We believe the best apps come from those partners who are invested in the platform and own their experience now and in the future. Of course, we are always working to spark creativity with new developer audiences and sometimes try limited incentives or contests, like Keep The Cash. However, it is not representative of an ongoing program.

Except it doesn’t spark creativity, it scares it away.

I largely wrote this article with emphasis on the impact of this program on Windows Phone, but it’s worth once again mentioning that the program also seeks out up to 10 Windows Store apps. The complete disregard of quality that’s projected through this program also impacts one of the company’s most valuable products.

In conclusion, I hope that Microsoft stops hosting programs like this and instead offers incentives that favor quality and innovation. As Long Zheng points out, that is something that the company is no stranger to doing.

Microsoft’s Surface Pro “Sold Out”

Microsoft made its new member of the Surface family, Surface Windows 8 Pro, available for sale starting February 9, 2013. The Surface Pro, as I would like to call it, is being sold via Microsoft’s online store, their few retail stores and Best Buy and Staples retail stores.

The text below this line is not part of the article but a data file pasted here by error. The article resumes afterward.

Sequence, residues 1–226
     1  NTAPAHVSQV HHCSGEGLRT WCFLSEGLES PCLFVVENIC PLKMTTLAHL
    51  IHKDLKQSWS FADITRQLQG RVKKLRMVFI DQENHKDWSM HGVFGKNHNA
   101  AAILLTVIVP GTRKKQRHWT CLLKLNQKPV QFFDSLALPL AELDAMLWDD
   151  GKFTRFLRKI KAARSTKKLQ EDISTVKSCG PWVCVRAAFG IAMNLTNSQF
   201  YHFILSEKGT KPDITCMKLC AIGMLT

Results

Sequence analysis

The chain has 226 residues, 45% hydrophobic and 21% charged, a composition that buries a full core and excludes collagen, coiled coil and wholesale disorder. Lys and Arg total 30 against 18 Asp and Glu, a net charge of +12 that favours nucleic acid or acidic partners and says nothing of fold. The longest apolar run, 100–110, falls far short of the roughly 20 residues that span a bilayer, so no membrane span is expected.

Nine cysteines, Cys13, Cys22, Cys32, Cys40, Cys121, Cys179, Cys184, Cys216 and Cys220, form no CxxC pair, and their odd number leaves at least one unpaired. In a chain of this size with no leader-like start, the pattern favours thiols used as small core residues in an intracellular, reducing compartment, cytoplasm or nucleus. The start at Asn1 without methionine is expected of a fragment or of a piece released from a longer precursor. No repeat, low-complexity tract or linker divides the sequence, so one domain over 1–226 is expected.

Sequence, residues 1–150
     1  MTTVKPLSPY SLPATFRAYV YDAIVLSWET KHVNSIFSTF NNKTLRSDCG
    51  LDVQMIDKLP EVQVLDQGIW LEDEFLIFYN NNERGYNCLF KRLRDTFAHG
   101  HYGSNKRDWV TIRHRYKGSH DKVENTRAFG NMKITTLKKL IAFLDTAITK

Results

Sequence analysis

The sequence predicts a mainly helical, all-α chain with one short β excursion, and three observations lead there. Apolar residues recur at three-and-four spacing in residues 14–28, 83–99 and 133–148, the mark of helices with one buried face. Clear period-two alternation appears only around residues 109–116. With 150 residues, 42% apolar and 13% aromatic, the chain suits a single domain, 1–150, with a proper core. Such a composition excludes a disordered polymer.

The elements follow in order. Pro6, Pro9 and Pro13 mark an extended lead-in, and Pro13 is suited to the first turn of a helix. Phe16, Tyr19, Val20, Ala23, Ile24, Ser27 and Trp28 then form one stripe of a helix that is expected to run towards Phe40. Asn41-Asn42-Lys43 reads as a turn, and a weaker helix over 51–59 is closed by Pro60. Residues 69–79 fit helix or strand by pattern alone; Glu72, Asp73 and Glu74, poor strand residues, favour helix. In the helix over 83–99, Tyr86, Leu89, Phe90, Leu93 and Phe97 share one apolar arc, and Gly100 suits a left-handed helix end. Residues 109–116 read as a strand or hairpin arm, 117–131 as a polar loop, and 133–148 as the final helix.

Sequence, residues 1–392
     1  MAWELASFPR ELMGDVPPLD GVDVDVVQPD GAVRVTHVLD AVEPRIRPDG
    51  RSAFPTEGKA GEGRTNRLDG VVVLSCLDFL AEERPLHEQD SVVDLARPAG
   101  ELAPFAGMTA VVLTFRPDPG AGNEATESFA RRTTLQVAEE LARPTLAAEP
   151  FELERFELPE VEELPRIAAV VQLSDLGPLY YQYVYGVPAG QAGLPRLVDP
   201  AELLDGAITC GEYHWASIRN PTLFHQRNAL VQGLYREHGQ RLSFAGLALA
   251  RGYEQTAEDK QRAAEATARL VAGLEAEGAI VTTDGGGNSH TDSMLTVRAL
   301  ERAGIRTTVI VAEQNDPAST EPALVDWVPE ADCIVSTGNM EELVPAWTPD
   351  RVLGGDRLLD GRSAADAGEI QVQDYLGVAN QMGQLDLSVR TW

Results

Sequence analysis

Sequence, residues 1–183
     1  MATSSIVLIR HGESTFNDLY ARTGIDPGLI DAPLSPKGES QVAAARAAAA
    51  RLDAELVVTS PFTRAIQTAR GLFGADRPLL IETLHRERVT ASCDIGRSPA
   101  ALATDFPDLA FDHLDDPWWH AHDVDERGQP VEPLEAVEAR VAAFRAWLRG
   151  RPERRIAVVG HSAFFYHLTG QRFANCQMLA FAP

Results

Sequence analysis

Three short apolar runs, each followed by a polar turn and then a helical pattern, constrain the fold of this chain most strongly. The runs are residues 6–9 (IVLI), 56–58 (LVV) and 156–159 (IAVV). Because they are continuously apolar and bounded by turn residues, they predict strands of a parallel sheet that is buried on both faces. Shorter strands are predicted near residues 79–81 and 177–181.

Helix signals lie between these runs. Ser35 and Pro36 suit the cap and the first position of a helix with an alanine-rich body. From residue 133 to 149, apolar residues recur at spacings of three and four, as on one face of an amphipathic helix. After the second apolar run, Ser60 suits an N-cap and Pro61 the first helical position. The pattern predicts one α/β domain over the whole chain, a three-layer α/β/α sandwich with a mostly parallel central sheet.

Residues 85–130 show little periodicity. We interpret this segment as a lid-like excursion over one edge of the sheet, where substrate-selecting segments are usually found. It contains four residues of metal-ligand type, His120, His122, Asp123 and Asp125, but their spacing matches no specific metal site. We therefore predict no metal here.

Within hours, news started rolling in of the 128GB model going “out of stock”. The 64GB was available in most places, but the higher-end model was showing no stock at most of the retailers.

What does it mean? Unfortunately, besides the simple math of demand being more than the supply, nothing. The supply was not enough to keep up with the demand, which for a robust manufacturing organization means a supply chain disaster. How can a company botch supply on launch day? It is the one day the company gets to be in the press more than any other day, at least from that product’s standpoint, and they are unable to fulfil demand.

However, despite their keyboards and mice, as well as their Xbox and now Surface RT, I don’t consider Microsoft a “robust manufacturing company”. Also, the Surface Pro is not a run-of-the-mill product, or an iteration of an existing product. It has a complex screen and specialized materials. There very well could be issues in larger scale manufacturing of those components. In fact, after promising that the Surface Pro would be released about 90 days after the Surface RT, Microsoft ended up releasing the former about 2 weeks later. That hints at a possible issue (or a set of issues) they may have faced during the manufacturing.

There were also anecdotes from individuals going to or calling retail stores in their area and finding out that the stock at these stores was in many cases in single digits. While those are still anecdotes, it is worthwhile to remember that the stock is ordered by the store, and not by Microsoft. Regardless, the customer experience ended up being bad because they could not buy the product they wanted to.

However, not all is lost as long as Microsoft can ramp up quickly. If they replenish stocks quick enough and take advantage of the momentum they have unexpectedly received, it may end up working in their favour. These enthusiastic customers will show off their shiny new toy to their friends and family and perhaps create a few more customers out of them.